#Commuter Lifestyle | HR Trends and Insights

How Long Commutes Hurt Employees

August 08, 2019

Heavy can lead to more social isolation, less exercise and unhealthy eating habits. It’s a lifestyle that can have a severe impact on a commuter, and therefore, less productivity at work.
If your employees have long commutes, there’s a good chance some of them will quit. No one likes commuting, and as much as people like work, it’s becoming a significant problem in this country for people to get there without stress.
LinkedIn reports that 85 percent of people would take a pay cut to shorten their commutes.
Staffing firm Robert Half found almost 25 percent of workers quit a job because they don’t like the commute. The rates were highest in City, San Francisco, Miami and Chicago, all cities with some of the highest commuting time in the country. The survey also found that 60 percent don’t feel their employers are doing something to help them with commutes.
Those feelings also create a divide between having happy and productive employees and those who are just miserable about how long it takes them to get to work every day.
>> Is Commuting the Next Health Care? Read more
For example, a Harvard social scientist found that for every 10 minutes someone commutes, it leads to 10 percent less social interactions during the day. That type of commuter will realistically be less likely to be an engaged employee in your workplace.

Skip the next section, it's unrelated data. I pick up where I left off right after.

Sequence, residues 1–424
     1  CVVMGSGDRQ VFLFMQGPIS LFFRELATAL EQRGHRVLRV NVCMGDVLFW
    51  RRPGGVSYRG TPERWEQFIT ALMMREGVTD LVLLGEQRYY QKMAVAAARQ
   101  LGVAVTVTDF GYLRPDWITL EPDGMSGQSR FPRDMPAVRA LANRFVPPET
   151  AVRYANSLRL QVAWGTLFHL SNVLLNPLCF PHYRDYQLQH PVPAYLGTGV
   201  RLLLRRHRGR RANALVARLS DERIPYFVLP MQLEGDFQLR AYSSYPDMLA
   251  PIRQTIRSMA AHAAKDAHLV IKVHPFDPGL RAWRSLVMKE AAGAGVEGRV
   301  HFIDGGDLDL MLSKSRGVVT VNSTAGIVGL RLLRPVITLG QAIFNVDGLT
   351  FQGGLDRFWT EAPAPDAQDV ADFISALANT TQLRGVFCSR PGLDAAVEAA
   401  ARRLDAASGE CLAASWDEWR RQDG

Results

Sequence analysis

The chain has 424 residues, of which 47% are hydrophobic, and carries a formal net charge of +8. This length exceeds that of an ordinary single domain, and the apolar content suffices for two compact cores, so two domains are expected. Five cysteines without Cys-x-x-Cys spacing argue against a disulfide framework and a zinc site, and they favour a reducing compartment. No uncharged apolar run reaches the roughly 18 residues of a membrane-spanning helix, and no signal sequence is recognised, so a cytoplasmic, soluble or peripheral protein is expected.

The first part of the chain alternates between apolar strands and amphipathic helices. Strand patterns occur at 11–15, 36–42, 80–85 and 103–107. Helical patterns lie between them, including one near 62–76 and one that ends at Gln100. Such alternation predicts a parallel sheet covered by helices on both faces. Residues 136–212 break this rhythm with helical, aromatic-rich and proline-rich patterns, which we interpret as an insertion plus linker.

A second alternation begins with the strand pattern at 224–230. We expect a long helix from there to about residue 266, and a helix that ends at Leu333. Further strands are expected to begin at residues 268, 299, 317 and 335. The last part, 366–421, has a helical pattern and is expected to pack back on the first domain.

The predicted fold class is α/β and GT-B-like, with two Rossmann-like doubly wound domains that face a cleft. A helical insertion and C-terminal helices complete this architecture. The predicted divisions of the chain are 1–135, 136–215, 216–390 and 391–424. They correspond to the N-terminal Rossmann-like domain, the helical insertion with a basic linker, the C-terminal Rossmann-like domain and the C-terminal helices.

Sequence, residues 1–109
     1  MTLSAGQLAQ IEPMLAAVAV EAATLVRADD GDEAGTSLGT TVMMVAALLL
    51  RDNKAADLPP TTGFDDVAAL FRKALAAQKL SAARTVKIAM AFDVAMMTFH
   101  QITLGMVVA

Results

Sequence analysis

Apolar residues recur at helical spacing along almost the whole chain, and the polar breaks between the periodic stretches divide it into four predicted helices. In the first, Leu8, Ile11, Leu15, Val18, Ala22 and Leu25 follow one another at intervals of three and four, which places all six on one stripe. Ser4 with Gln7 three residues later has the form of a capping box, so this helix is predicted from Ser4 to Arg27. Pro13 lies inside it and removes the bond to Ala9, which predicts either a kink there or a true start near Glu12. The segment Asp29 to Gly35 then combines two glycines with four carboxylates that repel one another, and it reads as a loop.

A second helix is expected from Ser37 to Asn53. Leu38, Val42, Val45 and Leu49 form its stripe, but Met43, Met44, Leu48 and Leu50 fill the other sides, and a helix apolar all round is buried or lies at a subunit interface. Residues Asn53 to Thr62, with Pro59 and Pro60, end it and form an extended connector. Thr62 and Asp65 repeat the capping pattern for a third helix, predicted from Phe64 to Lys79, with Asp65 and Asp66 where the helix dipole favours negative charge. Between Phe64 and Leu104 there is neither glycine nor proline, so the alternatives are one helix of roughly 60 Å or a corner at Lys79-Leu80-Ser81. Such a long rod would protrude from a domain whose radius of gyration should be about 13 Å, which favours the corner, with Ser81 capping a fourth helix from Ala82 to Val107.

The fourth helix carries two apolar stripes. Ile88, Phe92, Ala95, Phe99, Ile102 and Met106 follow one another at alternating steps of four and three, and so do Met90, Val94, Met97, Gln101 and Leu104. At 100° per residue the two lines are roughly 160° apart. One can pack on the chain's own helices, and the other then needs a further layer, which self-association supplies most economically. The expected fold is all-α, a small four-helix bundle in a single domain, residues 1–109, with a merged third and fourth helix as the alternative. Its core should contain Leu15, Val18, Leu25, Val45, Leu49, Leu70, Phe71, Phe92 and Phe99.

So what can your company do to help your workers bad commute? Here are 3 ideas on what some companies are doing to improve the commute for their employees.

Offer commuter benefits

save your employees up to 40 percent in commuting costs. While money isn’t everything, it does help when you can save up to $265 per month to get to work.
Commuter benefits can be used for public transportation, and qualified parking. Your business can save $41 per person per month in payroll tax. If you have 50 employees participate for one year, the savings can top $24,000 annually.

Promote rideshares

Rideshares like UberPOOL and Shared are eligible for your commuter benefits program. Rideshares may be a good alternative for people who are driving alone or looking to try something different than riding public transportation.

Offer a bike subsidy

Unfortunately, bike subsidies are not eligible for commuter benefits at this time. However, biking is often the cheapest (and healthiest) way to commute along with walking.
You could offer your employees a small subsidy, like $25 per month, to encourage them to have a healthy and fun way to commute each morning.
Employers should be concerned about how long your employees’ commutes. If you haven’t spoken about it with them lately, now is as good a time as ever.
Whant to learn more about commuter benefits? Download the 101 guide below:

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